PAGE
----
The Walton Academy Is founded on the values of tradition and excellence, and Is fixed on providing students with a strict, structured lesson curriculum set by the realist administration. With every new semester, many sons are left in the hands of Walton Academy, in hopes that they become doctors and lawyers. However, when a Walton alumnus returns as an English teachers, he brings with him the passion for romanticism, widening the horizons of his students. The story is mainly viewed through the eyes of Todd Anderson and his roommate Neil Perry.
Todd is an overly unconscious and shy character who is constantly afraid of not living up to the expectations that the people around him have, given that his brother was a former valedictorian. Nell on the other hand, Is ambitious and outgoing, but Is always suppressed by his predominant father, who dictates how Nil’s life should be run. The new English teacher John Keating begins his teachings with a fervent lecture on their imminent deaths, explaining to the students that their lives are fleeting so they should seize the day to make their lives count, to leave a legacy of “carper diem.
He continues his teaching by instructing the class to rip out the pages of their books which describe a scientific way to determine the greatness of poetry. He teaches them the works of the romantic poets such as Thoreau and Lord Byron and employs outdoor exercises to warn them of the dangers of conformity and the power of sports as a way which human beings push each other to excel. Amidst these eccentric activities, the students, intrigued with their new teacher, learn that he was a member of the Dead Poets Society.
When asked, Keating describes glorious moments of creating gods, but warns them to forget about the idea. Nevertheless, they repeatedly sneak off campus to convene their own version of the Dead Poets society. Todd Is allowed to attend as an exception: since he does not want to read aloud, he keeps minutes of the meetings. Throughout these meetings, each character is able to develop his own romantic or realist nature. The shocking clash between realism and romanticism begins to unfold when Charlie Dalton prints an obnoxious article In the school news in the name of the Dead Poets.
The administration is appalled and begins an investigation. Meanwhile, fall madly in love with a girl who is practically engaged to the son of his parent’s friends. He pursues her relentlessly, driven by romantic Ideals, In the face of the threats on his life by her boyfriend. Nell realizes that his real passion in life is acting and proceeds to land the role of Puck in a Midsummer Night’s Dream at the local theater. He begins to weave a tangled web of deception by failing to inform his father, then lying to Mr.. Keating when his father finds out and demands he quit the play.
Feeling trapped, after his final performance and a standing ovation, he takes his own life. Ultimately, the administration links his death to the Dead Poets Society, and pushes the blame towards Mr.. Keating for reviving the past. Each student is then forced to sign a document blaming Mr.. Keating for Nil’s death, which leads to him being fired from his Job. In one final scene, displaying the beauty of a balance between the two Ideals, Todd Is able to cry UT to Mr.. Keating, who stopped by the class to collect his belongings, “O Captain, my 1 OFF climbing to the top of his desk to salute his fallen teacher, who changed his life.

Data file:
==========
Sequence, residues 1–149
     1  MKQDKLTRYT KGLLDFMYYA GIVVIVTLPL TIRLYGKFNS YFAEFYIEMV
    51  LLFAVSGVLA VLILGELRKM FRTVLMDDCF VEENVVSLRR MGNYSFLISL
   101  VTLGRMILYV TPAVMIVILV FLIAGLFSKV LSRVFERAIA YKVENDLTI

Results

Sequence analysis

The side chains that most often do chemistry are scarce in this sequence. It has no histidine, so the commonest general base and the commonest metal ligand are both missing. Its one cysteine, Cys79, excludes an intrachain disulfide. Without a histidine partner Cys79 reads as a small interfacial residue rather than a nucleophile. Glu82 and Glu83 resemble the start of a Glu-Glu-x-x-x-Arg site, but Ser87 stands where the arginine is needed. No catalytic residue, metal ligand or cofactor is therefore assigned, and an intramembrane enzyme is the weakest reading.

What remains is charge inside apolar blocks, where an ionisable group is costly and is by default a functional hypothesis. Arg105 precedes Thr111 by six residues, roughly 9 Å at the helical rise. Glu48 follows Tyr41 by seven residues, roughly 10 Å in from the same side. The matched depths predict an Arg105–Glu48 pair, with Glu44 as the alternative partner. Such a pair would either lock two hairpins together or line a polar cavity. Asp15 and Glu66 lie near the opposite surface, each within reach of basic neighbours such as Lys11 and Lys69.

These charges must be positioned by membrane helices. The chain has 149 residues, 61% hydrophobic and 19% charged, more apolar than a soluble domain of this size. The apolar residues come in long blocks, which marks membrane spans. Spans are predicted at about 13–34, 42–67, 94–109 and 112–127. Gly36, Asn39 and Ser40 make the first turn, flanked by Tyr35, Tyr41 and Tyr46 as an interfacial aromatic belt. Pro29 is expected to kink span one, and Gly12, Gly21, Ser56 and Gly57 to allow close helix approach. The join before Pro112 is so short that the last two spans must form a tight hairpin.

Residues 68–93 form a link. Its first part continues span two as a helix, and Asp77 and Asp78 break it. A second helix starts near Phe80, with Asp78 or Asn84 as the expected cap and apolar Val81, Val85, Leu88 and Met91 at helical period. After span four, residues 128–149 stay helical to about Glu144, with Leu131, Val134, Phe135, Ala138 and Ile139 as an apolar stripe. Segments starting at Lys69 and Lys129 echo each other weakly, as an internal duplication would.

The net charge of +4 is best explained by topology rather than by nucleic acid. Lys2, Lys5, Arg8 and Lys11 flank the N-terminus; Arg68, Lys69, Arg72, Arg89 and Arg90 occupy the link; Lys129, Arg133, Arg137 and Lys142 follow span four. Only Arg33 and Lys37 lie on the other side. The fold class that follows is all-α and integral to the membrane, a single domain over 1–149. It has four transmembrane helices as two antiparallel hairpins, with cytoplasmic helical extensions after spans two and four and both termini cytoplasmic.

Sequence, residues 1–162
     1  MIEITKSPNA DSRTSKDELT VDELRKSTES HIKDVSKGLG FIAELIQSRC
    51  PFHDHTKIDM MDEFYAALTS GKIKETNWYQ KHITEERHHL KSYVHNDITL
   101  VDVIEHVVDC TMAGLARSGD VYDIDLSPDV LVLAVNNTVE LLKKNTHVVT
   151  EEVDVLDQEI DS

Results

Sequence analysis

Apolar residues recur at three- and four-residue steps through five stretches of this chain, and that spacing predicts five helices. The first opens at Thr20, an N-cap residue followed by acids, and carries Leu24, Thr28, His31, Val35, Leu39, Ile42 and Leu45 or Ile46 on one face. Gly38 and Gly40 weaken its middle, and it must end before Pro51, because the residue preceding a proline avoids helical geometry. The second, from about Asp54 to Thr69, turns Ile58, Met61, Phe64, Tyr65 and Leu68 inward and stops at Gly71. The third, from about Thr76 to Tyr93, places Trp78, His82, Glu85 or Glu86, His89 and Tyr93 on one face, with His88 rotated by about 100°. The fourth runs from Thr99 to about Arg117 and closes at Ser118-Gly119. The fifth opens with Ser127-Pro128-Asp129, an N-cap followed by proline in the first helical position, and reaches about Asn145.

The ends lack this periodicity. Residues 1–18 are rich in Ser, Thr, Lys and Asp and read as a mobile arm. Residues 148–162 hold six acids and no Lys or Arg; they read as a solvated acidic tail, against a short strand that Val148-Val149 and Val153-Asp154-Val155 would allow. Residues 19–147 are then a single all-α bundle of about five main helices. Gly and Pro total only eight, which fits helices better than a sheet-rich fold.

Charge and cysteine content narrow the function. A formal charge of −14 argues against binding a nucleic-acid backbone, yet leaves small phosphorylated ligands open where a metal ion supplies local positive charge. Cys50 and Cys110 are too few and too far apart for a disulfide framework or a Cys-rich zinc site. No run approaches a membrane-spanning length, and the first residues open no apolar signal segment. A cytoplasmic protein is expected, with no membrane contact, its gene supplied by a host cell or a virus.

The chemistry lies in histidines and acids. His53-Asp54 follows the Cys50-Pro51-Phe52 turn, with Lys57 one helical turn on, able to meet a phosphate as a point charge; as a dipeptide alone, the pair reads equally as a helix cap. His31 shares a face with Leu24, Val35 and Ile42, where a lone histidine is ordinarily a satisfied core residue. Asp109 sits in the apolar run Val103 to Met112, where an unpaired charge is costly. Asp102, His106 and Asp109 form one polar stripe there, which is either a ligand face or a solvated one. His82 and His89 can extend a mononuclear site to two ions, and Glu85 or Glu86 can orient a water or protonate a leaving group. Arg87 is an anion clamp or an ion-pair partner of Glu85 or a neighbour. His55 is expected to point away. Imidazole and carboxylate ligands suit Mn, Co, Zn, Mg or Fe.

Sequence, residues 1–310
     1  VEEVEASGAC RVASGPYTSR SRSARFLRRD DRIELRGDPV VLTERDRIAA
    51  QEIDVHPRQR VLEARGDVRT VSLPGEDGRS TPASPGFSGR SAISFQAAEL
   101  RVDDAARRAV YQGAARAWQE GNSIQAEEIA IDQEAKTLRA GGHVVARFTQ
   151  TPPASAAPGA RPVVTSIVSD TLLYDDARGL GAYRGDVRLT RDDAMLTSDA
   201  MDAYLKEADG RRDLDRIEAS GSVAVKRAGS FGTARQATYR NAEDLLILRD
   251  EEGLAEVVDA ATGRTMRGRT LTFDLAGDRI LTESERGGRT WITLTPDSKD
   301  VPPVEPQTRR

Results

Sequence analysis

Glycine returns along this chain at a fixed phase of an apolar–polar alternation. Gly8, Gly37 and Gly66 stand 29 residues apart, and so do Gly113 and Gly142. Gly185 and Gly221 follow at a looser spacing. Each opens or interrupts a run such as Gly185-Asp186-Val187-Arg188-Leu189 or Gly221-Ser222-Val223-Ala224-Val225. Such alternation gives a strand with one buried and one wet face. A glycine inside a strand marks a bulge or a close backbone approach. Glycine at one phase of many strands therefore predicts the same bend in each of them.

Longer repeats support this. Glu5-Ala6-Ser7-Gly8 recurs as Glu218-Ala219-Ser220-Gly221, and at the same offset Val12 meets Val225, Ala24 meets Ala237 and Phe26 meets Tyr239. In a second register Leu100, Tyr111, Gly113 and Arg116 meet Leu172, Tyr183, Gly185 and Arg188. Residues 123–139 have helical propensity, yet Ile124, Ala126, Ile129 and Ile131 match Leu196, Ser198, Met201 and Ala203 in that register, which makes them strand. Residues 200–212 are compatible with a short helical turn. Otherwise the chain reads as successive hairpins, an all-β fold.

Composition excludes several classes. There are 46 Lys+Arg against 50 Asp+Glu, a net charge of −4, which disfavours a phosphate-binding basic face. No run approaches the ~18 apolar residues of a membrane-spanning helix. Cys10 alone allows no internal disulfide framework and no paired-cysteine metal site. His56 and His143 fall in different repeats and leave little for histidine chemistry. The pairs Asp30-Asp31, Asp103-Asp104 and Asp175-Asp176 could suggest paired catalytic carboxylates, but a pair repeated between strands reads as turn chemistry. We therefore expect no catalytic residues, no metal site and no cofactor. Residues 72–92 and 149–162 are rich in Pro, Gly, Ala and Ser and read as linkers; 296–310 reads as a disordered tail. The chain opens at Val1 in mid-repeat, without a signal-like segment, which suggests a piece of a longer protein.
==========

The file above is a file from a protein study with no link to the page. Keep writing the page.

Context Dead Poets Society was set in the conservative and aristocratic Walton Academy, Vermont 1959. Although the film and book were both set in the 20th century, the main focus of the story centre around two 19th century values/movements, namely the realist and the romantic. These two themes are the essential components that bind the story together. Both themes are crucial to the story as much of the storyline, literary and film devices and implemented in order to better complement and bring out the essence of the two themes.
Hence, when analyzing the differences between the book and the film, it is important to note how each feature in each respective avenue brings the themes across. At various instances, the portrayal of realism and romanticism can be subtle, but can also be extremely blatant. When attempting the comparative analysis of the book and film, it is necessary to always consider the eating and themes of the story in order to better understand the different components and their workings within the book and film.
The definitions of realism and romanticism help set a clearer, stronger grounding for the analysis. Realism (Britannica Online): “Realism rejects imaginative idealization in favor of a close observation of outward appearances. ” “Realism… Usually stemmed either from artists’ desire to present more honest, searching, and initialized views of everyday life or from their attempts to use art as a vehicle for social and political eroticism. “Realism’s emphasis on detachment, objectivity, and accurate observation, its lucid but restrained criticism of social environment and mores, and the humane understanding that underlay its moral Judgments… ” Romanticism (Britannica Online): “Romanticism emphasized the individual, the subjective, the irrational, the imaginative, the personal, the spontaneous, the emotional, the visionary, and the transcendental. ” “was marked by emphasis on originality and individuality, personal emotional expression, and freedom and experimentation of form. “